International Mother Language Day
Eliis, which has got subsidiaries dispatched all over the globe, is particularly sensitive to the subtlety of different languages. Indeed, the multicultural approach offers a particularly rich range of words and nuances. From Rio to Kuala Lumpur, from Houston to Dubai, from Perth to Montpellier, each geologist and software engineer thinks in his or her native language and brings a personal touch that enriches everyone. The PaleoScan seismic interpretation software and the quality of the technical support provided by Eliis geoscientists are largely the result of this multilingualism and diversity of languages and cultures.
Announced for the first time by UNESCO in November 1999 and then adopted by the UN in 2002, the International Mother Language Day’s objective is to preserve and protect all the languages used around the world. The idea of this celebration comes from Bangladesh which fought in 1947 for the recognition of the Bengali language during the creation of Pakistan. The country encompassed two geographically distinct parts known as East Pakistan and West Pakistan. Their language and culture were extremely different. In 1948, Dhirendranath Datta of East Pakistan petitioned the Constituent Assembly of Pakistan to make Bengali at least one of the national languages in addition to Urdu. The refusal was categorical and the protests were suppressed in blood.
Then in 1999, after the creation of Bangladesh, the Bangladeshi linguist Rafiqul Islam presented a formal proposal to the country's parliament, which submitted it to UNESCO. On November 17, 1999, the 30th General Assembly of UNESCO unanimously decided to proclaim February 21 as "International Mother Language Day” throughout the world to commemorate the martyrs who sacrificed their lives on this very day in 1952.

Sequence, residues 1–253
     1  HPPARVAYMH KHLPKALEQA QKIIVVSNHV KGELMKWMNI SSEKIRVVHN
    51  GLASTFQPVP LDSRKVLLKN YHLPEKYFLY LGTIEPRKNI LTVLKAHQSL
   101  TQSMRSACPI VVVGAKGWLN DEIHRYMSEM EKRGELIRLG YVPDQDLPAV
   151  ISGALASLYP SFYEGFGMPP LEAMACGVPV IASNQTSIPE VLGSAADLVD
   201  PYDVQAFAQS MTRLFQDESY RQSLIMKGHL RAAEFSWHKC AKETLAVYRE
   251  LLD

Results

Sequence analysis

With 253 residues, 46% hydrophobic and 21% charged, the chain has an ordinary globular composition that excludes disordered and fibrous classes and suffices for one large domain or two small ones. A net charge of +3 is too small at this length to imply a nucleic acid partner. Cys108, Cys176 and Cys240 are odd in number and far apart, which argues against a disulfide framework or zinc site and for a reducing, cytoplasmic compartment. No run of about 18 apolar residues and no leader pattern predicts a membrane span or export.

Bangladeshis celebrate this day every year by visiting the Shaheed Minar, a monument built in memory of the martyrs.
International days and weeks raise awareness among the public and political representatives of global issues that require strong and timely commitment. The International Decade of the World's Indigenous Languages (2022-2032) must guarantee the right of indigenous peoples to preserve and promote their languages. This will revitalize global dialogue on important issues, including science.
Today, everyone recognizes the importance of different languages and their semantic acuity in enhancing dialogue among peoples and in promoting cultural, educational, scientific, technological and economic development.
Multilingual education has become a necessity to transform education. With 40% of the world's population not having access to an education in the language they speak or understand, the theme of the 2023 edition is "Multilingual education, a necessity for transforming education". It is based on three major axes:
- Strengthening multilingual education from early childhood;
- Supporting Multilingual Learning in Constantly Changing Global Contexts and in Situations of Crisis;
- Revitalizing endangered and threatened languages.
Globalization threatens 43% of the 6,000 languages spoken in the world. Every two weeks a language disappears, taking with it an entire cultural and intellectual heritage. Only a few hundred languages have a real place in the educational systems and in the public domain, and less than a hundred are used in the digital world. An impoverishment that affects us all.